Four types of facial pigmented skin lesions (FPSLs) constitute diagnostic challenge to dermatologists; early seborrheic keratosis (SK), pigmented actinic keratosis (AK), lentigo maligna (LM), and solar lentigo (SL). A retrospective analysis of dermoscopic images of histopathologically diagnosed clinically-challenging 64 flat FPSLs was conducted to establish the dermoscopic findings corresponding to each of SK, pigmented AK, LM, and SL. Four main dermoscopic features were evaluated: sharp demarcation, pigment pattern, follicular/epidermal pattern, and vascular pattern. In SK, the most specific dermoscopic features are follicular/epidermal pattern (cerebriform pattern; 100% of lesions, milia-like cysts; 50%, and comedo-like openings; 37.50%), and sharp demarcation (54.17%). AK and LM showed a composite characteristic pattern named “strawberry pattern” in 41.18% and 25% of lesions respectively, characterized by a background erythema and red pseudo-network, associated with prominent follicular openings surrounded by a white halo. However, in LM “strawberry pattern” is widely covered by psewdonetwork (87.5%), homogenous structureless pigmentation (75%) and other vascular patterns. In SL, structureless homogenous pigmentation was recognized in all lesions (100%). From the above mentioned data, we developed an algorithm to guide in dermoscopic features of FPSLs.

1. Introduction

Until now, almost only melanocytic lesions selected on the basis of their clinical atypia or which appear equivocal on naked eye examination have been shown to benefit from the use of dermoscopy. In our experience, dermoscopic evaluation of pigmented lesions located on the face may require a different approach, as many of them are nonmelanocytic in nature. Moreover, at this site, dermoscopy reveals specific criteria according to the particular histological architecture shown by sun-damaged skin [1]. For example, under dermoscopy, the presence of a pseudonetwork is characteristic of pigmented nonmelanocyte lesions on the face. This feature may not be related to the rete ridges of the epidermis—which are absent or blunted due to the anatomy of the skin in this area and to photoaging—but is due to the interruption of the homogeneous pigmentation by the openings of hair follicle ostia and adnexal structures [2]. Hence, four types of facial pigmented skin lesions (FPSLs) constitute diagnostic challenge to dermatologists, namely, early seborrheic keratosis (SK), pigmented actinic keratosis (AK), lentigo maligna (LM), and solar lentigo (SL). We aimed to analyze the dermoscopic patterns of histopathologically diagnosed FPSLs to determine the distinguishing dermoscopic features of each of the aforementioned lesions to help reaching proper decisions regarding management of such an FPSL.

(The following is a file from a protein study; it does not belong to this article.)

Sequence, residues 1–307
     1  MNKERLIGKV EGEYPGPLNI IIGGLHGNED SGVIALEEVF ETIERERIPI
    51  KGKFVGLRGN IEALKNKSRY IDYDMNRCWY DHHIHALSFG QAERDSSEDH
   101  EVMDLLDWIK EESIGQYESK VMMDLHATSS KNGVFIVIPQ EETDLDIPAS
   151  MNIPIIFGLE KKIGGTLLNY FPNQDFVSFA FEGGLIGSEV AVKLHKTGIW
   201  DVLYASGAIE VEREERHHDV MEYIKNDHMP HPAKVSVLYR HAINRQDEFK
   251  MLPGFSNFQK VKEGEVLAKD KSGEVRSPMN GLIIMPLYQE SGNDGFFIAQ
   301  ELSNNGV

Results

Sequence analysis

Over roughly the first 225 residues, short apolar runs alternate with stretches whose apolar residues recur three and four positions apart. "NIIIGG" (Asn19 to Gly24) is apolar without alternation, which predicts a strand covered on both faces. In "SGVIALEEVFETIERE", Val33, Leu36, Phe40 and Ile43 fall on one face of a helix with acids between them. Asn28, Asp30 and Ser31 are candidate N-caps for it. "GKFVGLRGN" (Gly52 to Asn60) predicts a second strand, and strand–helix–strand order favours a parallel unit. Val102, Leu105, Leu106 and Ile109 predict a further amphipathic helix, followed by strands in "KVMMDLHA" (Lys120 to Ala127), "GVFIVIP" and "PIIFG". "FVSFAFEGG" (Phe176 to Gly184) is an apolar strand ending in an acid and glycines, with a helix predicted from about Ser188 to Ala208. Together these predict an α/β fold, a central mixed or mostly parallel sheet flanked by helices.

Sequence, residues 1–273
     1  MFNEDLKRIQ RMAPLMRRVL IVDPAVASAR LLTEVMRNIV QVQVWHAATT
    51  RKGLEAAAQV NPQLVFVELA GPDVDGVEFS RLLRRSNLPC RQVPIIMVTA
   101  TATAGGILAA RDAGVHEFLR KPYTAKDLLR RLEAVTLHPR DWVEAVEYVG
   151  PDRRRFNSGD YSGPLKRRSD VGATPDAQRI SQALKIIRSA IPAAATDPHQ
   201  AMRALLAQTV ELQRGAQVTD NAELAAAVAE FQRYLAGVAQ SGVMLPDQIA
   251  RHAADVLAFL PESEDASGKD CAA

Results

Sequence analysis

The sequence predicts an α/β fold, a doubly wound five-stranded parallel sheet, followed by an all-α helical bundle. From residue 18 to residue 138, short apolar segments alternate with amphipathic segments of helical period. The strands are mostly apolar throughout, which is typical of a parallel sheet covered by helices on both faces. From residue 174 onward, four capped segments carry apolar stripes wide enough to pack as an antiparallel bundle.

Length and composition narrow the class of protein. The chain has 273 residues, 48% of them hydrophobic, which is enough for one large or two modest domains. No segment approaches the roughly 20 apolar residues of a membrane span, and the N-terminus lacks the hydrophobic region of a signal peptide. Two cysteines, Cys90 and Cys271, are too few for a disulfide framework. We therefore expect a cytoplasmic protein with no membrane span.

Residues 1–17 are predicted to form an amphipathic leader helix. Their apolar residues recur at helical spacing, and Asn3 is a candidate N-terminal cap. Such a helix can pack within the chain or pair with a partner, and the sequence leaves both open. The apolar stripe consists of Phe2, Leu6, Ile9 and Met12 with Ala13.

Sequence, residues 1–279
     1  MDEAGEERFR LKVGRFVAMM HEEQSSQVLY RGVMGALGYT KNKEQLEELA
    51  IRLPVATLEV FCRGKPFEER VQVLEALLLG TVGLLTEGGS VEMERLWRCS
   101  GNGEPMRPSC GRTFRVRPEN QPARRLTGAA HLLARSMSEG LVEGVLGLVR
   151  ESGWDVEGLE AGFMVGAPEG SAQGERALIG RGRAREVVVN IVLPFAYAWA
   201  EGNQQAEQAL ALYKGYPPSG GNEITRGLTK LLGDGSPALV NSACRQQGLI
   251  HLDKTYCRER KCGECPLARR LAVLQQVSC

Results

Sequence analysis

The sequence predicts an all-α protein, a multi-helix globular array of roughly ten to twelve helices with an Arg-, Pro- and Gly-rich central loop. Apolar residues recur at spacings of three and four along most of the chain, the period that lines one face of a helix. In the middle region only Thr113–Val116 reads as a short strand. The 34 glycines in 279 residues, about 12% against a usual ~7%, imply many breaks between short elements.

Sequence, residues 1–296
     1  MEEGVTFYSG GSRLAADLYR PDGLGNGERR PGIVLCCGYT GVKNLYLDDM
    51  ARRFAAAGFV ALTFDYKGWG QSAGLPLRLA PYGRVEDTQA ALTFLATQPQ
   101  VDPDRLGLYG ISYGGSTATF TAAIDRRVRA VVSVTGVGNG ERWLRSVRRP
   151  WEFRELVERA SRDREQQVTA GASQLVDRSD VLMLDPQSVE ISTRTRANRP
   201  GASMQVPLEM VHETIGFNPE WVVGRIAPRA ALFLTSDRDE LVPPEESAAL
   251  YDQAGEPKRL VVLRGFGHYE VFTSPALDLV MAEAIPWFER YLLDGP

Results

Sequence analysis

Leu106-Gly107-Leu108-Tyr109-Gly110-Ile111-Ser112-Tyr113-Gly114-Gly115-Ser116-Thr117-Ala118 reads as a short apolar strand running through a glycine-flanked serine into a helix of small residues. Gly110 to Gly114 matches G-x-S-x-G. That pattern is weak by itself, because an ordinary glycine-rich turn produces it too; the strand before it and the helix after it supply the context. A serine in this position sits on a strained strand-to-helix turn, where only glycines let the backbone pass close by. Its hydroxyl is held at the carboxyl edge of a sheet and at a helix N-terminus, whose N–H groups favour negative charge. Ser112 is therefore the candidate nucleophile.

2. Patients and Methods

A retrospective analysis of dermoscopic images of histopathologically diagnosed clinically challenging flat FPSLs was conducted.

2.1. Patients

Sixty-two patients (23 males and 39 females; mean age 55.2; age range 25–70 years) with newly developed 64 untreated FPSLs were included in this study, after obtaining an informed written consent. The study was conducted according to the Declaration of Helsinki Principles and was approved by the medical ethical committee of Donetsk Medical National University, Ukraine. Patients were collected from dermatologic departments of Donetsk Medical National University, Ukraine. They were evaluated according to clinical examination, dermoscopic examination, and histopathological examination in dermatologic departments of Donetsk Medical National University, Ukraine, and Queen Medical, Qatar. According to histopathological diagnosis, lesions were further divided into 4 groups: group I: 24 SKs, group II: 17 AKs, group III: 8 LM, and group IV: 15 SLs.

Patients, who started treatment or were on any kind of topical applications likely to alter the results of the study (e.g., topical retinoids), were excluded from the study.

2.2. Methods
2.2.1. Clinical Evaluation

All patients were subjected to clinical evaluation including history with attention to smoking and occupations and/or hobbies with excessive sun exposure, duration of the lesions, relation to sun exposure, previous therapies, history of relevant medical conditions, for example, photosensitivity, relevant surgical history including dermabrasion and laser surgery, and previous or present relevant medication such as retinoids. Complete general and dermatological examinations were done. Lesions were clinically evaluated regarding site, size, color, shape, and surface. They varied in size between patients (from 6 mm up to 28 mm) and varied in color from light to dark brown.

Photographic documentation was done using identical camera setting and lighting by a Canon EOS 450D digital camera.

2.2.2. Histopathological Diagnosis

Four millimeter punch skin biopsies were collected from skin lesions of all patients. Biopsy specimens were submerged immediately in 10% buffered formalin, prepared for paraffin embedding and paraffin blocks, and sectioned in 4-micron thick sections mounted on glass slides and prepared for routine hematoxylin and eosin (H&E) stain for conventional histopathology, diagnosis, and categorizing the patients into the above-mentioned groups. All slides were coded before analysis and read blindly to ensure competent evaluation of the findings.

2.2.3. Dermatoscopy

Patients underwent dermoscopy (Heine Delta K-256.10.118, Heine Optotechnik, Germany) and photography prior to biopsy taking. We assessed the photographs retrospectively to establish the dermoscopic findings corresponding to the four aforementioned histopathologically proven diagnoses.